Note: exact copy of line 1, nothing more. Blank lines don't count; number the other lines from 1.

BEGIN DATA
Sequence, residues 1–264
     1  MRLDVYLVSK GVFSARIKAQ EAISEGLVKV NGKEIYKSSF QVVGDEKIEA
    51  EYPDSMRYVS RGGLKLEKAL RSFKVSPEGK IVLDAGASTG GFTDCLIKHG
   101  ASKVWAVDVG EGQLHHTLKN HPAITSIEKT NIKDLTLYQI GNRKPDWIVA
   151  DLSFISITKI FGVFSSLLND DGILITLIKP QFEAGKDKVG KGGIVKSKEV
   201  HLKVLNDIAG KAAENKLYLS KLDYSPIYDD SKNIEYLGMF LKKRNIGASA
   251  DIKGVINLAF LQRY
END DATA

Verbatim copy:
Sequence, residues 1–264